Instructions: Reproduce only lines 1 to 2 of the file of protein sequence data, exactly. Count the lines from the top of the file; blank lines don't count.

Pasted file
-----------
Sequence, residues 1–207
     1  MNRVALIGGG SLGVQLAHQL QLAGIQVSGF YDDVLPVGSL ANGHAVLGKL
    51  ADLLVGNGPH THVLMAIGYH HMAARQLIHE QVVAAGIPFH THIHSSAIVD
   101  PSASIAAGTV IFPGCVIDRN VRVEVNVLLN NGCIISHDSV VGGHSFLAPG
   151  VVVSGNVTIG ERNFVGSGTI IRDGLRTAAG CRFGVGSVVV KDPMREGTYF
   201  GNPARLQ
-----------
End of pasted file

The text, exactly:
Sequence, residues 1–207
     1  MNRVALIGGG SLGVQLAHQL QLAGIQVSGF YDDVLPVGSL ANGHAVLGKL